– Of the participants who completed the final survey, 50% started a new job or internship during the program. Participants’ average employment satisfaction score increased from 2.33/4 to 2.67/4 by the end of the program.
Basic Needs through Financial and Material Empowerment
– At the beginning of the program, 70% of participants thought it was very difficult for them to pay for usual expenses within the last 30 days, including food, rent/mortgage, car payments, medical expenses, student loans etc. This financial instability decreased significantly to only 17% of participants at the end of the program.
– On a financial security scale of 1 being very difficult to pay for usual expenses and 4 being not at all difficult, participants’ average financial security at baseline was 1.3/4, which increased to 2/4 by the end of the program.
– 50% of participants at baseline were very worried that they would run out of food before having money to find more within the last 2 weeks. This percentage remained the same at the end of the program.
– On a food security scale of 1 being very worried about running out of food and 4 being not worried at all, participants’ average food security at baseline was 1.8/4, which increased to 2/4 by the end of the program.
– 30% of participants at the beginning of the program noted they did not have a steady place to live within the past 30 days, which decreased to 17% of participants at the end of the program.
– The financial stipend provided to participants allowed participants to partially cover their rent, bridge the income gap between job changes, and pay off previous debts. These actions both supported participants’ financial security as well as their mental health, knowing they had some steady income for several months.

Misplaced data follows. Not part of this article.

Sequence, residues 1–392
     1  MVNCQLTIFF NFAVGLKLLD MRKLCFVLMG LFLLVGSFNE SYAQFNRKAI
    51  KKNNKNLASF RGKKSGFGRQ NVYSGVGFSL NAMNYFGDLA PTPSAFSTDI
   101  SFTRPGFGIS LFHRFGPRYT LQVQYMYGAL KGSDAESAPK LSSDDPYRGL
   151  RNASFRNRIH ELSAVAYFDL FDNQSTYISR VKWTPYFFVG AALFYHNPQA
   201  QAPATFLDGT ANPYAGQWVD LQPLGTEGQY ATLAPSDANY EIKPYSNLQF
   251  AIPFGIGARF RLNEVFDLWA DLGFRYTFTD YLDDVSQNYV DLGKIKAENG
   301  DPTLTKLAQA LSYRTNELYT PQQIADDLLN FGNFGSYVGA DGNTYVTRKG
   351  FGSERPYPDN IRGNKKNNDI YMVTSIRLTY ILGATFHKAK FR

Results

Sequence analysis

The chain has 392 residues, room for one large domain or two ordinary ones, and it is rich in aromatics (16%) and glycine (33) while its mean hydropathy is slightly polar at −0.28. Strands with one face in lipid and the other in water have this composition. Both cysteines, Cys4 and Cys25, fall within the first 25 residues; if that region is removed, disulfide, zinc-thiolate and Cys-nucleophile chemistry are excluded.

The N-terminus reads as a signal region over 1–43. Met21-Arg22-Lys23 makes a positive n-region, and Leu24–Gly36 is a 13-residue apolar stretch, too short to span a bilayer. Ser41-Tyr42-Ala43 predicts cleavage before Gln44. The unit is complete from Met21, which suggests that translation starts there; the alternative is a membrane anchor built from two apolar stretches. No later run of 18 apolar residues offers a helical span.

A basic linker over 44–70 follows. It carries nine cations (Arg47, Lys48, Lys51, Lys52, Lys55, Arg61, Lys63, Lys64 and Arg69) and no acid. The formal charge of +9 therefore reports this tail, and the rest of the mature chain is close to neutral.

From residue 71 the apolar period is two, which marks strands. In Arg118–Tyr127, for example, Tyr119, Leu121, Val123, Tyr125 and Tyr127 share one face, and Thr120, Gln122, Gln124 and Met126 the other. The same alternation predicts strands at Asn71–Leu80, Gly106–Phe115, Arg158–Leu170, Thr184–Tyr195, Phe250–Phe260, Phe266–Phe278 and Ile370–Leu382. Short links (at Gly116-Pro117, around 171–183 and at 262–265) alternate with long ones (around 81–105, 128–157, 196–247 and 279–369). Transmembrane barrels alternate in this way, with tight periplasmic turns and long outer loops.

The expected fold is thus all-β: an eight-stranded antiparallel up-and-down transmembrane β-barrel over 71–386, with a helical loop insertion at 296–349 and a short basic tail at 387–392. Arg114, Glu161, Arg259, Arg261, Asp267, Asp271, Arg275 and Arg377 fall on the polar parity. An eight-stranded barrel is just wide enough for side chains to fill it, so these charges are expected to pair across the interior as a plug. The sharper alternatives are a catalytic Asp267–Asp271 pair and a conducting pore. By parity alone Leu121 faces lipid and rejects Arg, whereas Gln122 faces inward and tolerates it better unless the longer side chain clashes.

– The provided bus pass allowed participants to easily access the program and previously set aside transportation money to be used for other expenses such as food.
– The provided laptop allowed one participant to take a job they otherwise would not have been able to take due to the need to provide one’s own technology.
Mental Health and Connection
– 22% of participants at baseline reported poor mental health in the last 30 days. Of those who completed the final survey, zero participants reported poor mental health within the last 30 days of the program. On a mental health scale of 1 being poor mental health and 4 being excellent mental health, participants’ average mental health at baseline was 1.88/4, which increased to 2.17/4 by the end of the program.
– Two participants who completed the final survey reported contacting new health care providers because of the financial, technological, or logistical resources provided by TLA.
– One participant noted “I really appreciated being around other trans people… I have not found a place I felt comfortable in more than one identity facet since college.”
– The assessment found mentor-participant meetings covered a wide range of topics. Common topics included discussing the intricacies of one’s identities; career development and growth, especially current workplace challenges or long-term goals; and personal life challenges, such as participants’ mental health struggles. Mentors also directly helped participants fill out forms or applications to access community resources or apply for jobs.
– One participant noted, “I feel that [my mentor] took the time to listen to me and fully understand my goals before offering [their] own knowledge. That created an ambiance of equality that made me feel safe to learn and also be curious and unapologetic.”
To learn how you can become involved with the Trans Leadership Academy, contact us at firstname.lastname@example.org.
If you are interested in providing financial support for the Trans Leadership Academy, please contact Kelsey at email@example.com.